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Baseline Neurocognitive Functioning Predicts Viral Load Suppression at 1-Year Follow-Up Among Newly Diagnosed HIV Infected Patients

Abstract

The current prospective observational study evaluated the impact of baseline neurocognitive impairment on future viral load suppression among antiretroviral medication naive persons newly diagnosed with HIV infection. We used the Montreal Cognitive Assessment (MoCA) score less than 26, to identify patients with neurocognitive deficits. Of the 138 patients enrolled; virologic suppression was seen in 61% of the participants, while 72% of the participants had a MoCA score less than 26 at baseline. Variables significantly associated with low MoCA score included higher age (p < 0.01) and presence of depression (p < 0.01). After adjusting for these variables, MoCA score less than 26 was significantly associated with a higher risk of failing achieve viral load suppression (adjusted OR 2.7; 95% CI 1.09–6.69). Baseline neurocognitive deficit as measured by MoCA was associated with a higher risk for failing to achieve viral load suppression at one-year follow-up.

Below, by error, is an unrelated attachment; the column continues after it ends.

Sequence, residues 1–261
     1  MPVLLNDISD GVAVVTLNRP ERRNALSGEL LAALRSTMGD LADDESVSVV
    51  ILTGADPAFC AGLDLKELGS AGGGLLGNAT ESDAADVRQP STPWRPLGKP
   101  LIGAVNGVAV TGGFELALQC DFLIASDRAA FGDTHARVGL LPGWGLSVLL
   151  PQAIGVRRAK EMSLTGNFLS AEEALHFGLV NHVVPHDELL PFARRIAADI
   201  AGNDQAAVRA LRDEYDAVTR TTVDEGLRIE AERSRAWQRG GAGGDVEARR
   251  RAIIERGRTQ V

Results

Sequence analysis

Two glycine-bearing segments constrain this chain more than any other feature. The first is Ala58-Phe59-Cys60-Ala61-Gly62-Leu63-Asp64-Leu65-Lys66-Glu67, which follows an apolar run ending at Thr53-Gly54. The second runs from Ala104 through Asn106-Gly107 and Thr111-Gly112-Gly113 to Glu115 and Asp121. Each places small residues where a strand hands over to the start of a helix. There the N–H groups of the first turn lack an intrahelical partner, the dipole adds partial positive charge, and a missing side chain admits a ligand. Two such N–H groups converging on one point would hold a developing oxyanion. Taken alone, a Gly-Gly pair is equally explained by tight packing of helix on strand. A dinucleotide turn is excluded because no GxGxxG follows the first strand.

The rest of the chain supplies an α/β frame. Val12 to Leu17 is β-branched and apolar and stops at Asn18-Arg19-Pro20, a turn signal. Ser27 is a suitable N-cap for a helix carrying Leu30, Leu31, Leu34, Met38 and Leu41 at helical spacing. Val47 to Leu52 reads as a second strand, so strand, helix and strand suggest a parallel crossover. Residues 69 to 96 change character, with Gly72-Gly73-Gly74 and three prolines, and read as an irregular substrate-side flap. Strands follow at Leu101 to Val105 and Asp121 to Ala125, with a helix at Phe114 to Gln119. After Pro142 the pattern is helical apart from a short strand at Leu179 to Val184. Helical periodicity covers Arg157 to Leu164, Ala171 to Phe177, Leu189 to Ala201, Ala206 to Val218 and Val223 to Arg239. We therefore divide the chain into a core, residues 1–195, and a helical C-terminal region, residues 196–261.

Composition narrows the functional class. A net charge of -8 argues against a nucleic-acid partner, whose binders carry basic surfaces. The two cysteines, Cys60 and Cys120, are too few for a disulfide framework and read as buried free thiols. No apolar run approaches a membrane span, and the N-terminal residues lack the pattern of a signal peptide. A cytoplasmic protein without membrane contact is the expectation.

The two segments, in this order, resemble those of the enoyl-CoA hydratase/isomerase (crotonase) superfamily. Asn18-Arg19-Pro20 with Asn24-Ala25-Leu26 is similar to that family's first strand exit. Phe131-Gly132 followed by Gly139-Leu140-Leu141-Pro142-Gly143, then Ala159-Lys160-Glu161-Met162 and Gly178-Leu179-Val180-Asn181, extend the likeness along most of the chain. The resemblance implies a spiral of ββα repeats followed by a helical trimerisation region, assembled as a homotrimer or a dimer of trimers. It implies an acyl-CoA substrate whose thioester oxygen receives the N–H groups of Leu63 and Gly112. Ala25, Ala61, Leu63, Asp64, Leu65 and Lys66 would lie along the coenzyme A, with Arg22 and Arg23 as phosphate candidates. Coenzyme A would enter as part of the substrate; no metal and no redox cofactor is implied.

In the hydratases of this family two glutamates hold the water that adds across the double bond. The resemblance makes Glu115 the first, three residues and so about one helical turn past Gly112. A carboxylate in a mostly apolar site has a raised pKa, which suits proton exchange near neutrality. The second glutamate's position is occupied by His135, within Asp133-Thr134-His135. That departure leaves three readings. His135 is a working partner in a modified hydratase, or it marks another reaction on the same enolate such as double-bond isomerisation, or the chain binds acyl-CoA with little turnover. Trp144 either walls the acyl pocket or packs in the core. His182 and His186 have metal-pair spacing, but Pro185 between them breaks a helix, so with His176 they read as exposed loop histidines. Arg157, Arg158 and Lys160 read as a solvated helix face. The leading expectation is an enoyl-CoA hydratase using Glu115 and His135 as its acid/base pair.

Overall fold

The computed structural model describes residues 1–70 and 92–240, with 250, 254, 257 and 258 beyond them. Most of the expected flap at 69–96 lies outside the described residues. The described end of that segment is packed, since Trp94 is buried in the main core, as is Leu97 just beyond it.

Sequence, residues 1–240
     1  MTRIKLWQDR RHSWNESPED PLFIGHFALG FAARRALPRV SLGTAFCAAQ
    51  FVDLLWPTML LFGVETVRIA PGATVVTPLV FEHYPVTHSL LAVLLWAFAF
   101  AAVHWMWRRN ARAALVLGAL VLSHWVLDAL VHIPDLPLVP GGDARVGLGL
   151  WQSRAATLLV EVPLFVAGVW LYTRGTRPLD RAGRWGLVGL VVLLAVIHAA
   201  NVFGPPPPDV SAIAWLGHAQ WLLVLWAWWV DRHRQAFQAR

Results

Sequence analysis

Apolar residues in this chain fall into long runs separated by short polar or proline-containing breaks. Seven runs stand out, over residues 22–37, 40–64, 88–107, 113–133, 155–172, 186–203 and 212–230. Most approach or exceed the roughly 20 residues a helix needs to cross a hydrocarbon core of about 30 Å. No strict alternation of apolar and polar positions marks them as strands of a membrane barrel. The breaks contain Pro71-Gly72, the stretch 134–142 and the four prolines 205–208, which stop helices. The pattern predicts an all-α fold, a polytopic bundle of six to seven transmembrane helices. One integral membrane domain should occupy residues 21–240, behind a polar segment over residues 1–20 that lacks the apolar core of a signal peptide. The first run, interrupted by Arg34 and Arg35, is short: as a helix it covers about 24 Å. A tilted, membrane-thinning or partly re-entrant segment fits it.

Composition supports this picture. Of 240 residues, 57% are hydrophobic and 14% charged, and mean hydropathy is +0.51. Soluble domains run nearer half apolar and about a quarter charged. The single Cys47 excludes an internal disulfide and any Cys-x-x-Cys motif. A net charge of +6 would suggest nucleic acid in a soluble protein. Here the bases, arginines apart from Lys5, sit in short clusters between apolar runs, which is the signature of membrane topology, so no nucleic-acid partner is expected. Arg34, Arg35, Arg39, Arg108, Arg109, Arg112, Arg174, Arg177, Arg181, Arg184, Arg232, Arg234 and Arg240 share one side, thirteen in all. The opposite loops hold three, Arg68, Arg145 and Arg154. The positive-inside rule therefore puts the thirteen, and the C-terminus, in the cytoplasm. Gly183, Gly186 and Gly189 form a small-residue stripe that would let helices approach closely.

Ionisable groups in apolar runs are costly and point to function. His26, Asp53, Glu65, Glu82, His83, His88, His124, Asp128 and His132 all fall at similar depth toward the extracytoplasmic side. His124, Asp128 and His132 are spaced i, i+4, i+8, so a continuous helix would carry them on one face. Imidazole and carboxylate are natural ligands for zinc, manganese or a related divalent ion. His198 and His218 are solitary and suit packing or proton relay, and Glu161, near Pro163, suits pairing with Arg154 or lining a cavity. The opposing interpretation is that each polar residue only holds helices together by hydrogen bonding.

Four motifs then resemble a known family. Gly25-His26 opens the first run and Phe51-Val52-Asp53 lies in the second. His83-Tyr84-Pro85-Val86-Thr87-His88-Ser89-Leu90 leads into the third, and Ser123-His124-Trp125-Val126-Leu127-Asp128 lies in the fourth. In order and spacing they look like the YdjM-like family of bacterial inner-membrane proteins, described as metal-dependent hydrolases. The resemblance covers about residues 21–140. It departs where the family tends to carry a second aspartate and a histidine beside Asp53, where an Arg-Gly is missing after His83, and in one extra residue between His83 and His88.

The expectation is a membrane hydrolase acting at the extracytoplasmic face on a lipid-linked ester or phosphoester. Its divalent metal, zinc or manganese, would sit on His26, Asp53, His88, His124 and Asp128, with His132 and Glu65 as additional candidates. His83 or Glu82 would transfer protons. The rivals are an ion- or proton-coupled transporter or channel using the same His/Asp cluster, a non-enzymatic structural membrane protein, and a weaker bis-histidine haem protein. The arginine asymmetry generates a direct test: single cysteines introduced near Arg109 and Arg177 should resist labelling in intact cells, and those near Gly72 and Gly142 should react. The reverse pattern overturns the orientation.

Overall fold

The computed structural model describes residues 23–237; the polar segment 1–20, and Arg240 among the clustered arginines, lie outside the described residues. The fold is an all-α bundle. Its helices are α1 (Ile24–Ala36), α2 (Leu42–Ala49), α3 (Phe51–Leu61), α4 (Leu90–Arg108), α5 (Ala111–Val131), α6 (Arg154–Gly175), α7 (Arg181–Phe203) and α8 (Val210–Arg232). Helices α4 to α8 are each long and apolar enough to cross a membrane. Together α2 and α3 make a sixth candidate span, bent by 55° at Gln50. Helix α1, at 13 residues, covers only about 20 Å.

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Funding

This study was by the Baylor–UT Houston Center for AIDS Research Core Support Grant number AI36211 from the National Institute of Allergy and Infectious Diseases.

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Correspondence to Lokesh Shahani.

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Conflicts of interest

Lokesh Shahani, Lucrecia Salazar, Steven P Woods, and Rodrigo Hasbun declare that they have no conflicts of interest.

Ethical Approval

All procedures performed in studies involving human participants were in accordance with the ethical standards of the institutional and/or national research committee and with the 1964 Helsinki declaration and its later amendments or comparable ethical standards. This article does not contain any studies with animals performed by any of the authors.

Informed Consent

Informed consent was obtained from all individual participants included in the study.

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Shahani, L., Salazar, L., Woods, S.P. et al. Baseline Neurocognitive Functioning Predicts Viral Load Suppression at 1-Year Follow-Up Among Newly Diagnosed HIV Infected Patients. AIDS Behav 22, 3209–3213 (2018). https://doi.org/10.1007/s10461-018-2025-5

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  • DOI: https://doi.org/10.1007/s10461-018-2025-5

Keywords

  • HIV
  • Neurocognitive impairment
  • Viral load suppression
  • Montreal Cognitive Assessment
  • Treatment failure